Title: Once Upon the Tracks of Mumbai
Author: Rishi Vohra
Plot: Babloo has been diagnosed as autistic, schizophrenic and psychotic, which has left his traditional middle class Indian parents with no clue as to how to deal with him. After taking longer than usual to complete his college course, Babloo doesn’t have a clue either – about what to do with his life. Menial jobs suggested by his father don’t work with him, since he feels that destiny has more in store. All he knows for sure is that he loves Vandana, the beauty of their rail side colony, but doesn’t know what to do about it. As his life seems to hit an all time low, something happens that transforms Babloo’s boring life into something much, much bigger. Is this destiny’s big break for Babloo? Will this make his dreams come true?
Review: This book is author Rishi Vohra’s debut novel and is not a bad effort at that. The first half to three quarters of the book tend to drag along, slowly planting you in the midst of Mumbai, among all the bustling trains and crowds and noise. That, in my opinion, is the best thing the author has accomplished in this book – created a perfect stage. Mumbai actually feels like it’s come alive through the descriptions of the various areas, stations and even of the different people. The characters have been colored well, and you feel like you’ve either seen or heard of people like them in real life. Few people are painted completely in black or white, and even the minor characters have distinct personalities.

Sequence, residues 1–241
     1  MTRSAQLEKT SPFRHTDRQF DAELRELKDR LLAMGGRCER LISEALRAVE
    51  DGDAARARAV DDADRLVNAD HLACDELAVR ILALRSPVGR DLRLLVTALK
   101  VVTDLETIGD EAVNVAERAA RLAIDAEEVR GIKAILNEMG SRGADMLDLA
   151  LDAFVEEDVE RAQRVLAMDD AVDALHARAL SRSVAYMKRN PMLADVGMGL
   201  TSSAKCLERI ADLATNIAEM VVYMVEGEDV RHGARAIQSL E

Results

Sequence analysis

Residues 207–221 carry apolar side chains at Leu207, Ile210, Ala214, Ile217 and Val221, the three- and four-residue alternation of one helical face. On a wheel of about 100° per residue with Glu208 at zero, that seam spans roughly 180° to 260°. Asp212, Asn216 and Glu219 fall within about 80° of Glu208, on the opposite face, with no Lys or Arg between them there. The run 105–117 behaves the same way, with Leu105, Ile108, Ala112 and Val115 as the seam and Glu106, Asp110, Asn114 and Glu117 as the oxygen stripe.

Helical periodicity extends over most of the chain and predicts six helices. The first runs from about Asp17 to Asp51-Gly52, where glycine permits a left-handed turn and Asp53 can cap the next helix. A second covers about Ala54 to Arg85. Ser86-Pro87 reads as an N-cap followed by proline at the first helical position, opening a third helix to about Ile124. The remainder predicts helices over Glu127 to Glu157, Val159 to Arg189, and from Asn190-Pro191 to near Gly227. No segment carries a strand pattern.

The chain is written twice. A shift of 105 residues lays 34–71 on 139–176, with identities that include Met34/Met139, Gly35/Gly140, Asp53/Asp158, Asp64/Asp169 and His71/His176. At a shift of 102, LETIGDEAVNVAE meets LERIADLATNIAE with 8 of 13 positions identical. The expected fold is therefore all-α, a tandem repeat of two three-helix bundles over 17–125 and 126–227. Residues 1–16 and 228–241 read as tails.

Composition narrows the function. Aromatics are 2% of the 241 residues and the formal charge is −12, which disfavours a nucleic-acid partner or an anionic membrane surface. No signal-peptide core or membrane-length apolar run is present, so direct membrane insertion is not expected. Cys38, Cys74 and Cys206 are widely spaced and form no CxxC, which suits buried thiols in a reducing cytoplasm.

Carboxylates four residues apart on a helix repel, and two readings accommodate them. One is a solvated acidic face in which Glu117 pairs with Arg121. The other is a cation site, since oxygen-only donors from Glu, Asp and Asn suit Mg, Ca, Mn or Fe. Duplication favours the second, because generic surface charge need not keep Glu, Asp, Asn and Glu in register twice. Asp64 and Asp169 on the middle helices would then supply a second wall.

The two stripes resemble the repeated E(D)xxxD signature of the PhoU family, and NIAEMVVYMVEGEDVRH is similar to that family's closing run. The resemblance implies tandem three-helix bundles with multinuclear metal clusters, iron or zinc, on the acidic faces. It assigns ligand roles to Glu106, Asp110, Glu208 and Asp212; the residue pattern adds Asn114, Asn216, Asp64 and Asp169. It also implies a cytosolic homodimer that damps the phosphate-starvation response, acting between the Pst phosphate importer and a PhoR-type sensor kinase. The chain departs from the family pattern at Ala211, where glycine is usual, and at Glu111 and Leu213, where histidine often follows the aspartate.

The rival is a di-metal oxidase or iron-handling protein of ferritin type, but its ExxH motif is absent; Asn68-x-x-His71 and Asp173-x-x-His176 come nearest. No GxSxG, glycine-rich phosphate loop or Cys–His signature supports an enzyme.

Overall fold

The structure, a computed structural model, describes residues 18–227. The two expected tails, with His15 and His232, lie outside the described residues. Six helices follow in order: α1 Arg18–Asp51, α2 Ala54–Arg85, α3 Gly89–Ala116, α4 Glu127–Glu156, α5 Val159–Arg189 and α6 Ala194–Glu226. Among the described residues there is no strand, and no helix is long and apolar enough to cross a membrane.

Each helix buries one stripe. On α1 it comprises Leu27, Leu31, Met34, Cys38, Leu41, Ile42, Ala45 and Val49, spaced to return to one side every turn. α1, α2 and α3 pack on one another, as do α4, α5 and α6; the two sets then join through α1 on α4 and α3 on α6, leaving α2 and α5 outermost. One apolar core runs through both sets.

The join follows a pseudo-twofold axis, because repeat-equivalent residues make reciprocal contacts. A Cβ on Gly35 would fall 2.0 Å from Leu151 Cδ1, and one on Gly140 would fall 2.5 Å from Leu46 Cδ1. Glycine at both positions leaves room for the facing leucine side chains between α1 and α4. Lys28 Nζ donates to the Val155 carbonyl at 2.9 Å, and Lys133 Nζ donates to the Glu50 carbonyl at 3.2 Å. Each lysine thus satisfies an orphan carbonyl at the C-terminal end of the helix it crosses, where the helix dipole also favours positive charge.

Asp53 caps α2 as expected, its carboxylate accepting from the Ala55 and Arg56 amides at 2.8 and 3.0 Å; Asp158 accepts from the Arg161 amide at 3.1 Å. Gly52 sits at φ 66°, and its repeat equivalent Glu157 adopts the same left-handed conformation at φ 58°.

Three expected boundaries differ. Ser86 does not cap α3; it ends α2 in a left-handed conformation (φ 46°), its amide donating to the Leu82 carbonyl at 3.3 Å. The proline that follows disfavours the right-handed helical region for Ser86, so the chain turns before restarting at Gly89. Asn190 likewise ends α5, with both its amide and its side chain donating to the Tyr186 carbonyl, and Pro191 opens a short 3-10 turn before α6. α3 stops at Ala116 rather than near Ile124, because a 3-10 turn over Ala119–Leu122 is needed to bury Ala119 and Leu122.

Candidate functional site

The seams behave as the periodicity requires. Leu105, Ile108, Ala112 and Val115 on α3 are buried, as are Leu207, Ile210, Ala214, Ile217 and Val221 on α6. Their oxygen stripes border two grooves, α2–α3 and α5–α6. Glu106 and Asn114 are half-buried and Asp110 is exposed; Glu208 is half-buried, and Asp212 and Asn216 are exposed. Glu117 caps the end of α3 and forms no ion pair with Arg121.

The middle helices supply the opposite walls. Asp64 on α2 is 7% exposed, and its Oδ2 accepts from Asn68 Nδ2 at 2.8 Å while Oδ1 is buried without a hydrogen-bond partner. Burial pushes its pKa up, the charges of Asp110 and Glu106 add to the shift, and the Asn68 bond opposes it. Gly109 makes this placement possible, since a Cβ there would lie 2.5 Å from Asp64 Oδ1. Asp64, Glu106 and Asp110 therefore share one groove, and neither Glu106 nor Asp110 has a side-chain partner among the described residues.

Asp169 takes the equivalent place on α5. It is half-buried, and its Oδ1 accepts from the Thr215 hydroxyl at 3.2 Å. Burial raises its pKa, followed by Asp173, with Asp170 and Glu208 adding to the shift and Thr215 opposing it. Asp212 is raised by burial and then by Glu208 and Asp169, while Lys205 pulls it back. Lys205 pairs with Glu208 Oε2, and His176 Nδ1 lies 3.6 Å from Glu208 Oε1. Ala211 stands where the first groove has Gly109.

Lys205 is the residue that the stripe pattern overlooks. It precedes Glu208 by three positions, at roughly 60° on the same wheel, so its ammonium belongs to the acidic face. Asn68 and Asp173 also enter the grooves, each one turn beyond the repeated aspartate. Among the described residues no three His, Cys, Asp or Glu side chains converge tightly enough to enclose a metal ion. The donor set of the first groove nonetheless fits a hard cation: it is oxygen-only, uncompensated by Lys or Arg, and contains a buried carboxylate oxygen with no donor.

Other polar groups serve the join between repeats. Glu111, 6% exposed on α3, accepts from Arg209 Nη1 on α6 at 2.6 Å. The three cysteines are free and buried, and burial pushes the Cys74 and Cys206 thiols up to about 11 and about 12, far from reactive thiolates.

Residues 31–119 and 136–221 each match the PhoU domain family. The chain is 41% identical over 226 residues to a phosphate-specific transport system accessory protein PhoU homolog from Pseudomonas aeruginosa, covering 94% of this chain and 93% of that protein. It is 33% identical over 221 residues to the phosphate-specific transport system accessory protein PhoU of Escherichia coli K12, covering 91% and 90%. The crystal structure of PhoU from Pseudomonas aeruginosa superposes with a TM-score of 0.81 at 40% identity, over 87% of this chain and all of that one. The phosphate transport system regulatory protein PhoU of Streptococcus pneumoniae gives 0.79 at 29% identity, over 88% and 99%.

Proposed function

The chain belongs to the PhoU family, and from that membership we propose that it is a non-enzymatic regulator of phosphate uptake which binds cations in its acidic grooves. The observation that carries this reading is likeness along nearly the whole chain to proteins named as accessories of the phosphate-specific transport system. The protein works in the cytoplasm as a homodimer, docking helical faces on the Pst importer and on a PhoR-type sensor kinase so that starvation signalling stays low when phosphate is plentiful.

Babloo, the protagonist, is a friendless man, a victim of assorted mental problems. Given that, I feel the book would have made more of an impact had the narrative been in the third person. It’s not that Babloo isn’t a well etched character, after a while, you even get used to his blank staring; but the narrative sort of gets a little mixed up when talking from Babloo’s standpoint and when it shifts to the lives of the other characters in the book.
Another impressive feature is how the author has got a pretty good understanding of the female psyche. And that is not a minor feat for a man!! I could completely empathize with Vandana’s situation though I’d have liked her to have a little more gumption. But I guess that’s okay since the story is, after all, Babloo’s story.
As it is, the plot is an interesting concept, but like I mentioned earlier, it takes a while to pick up the pace. Rail Man’s entry is the catalyst that takes it into page turner territory. I wish he had appeared a little earlier in the story so that we could relish a few more of his adventures.
Verdict: Worth a read. Perfect for a long train journey, when the sound of the train’s wheels on its tracks provides the perfect background score.
Disclaimer: I received a copy of the book for review purposes, but all opinions mentioned are my own.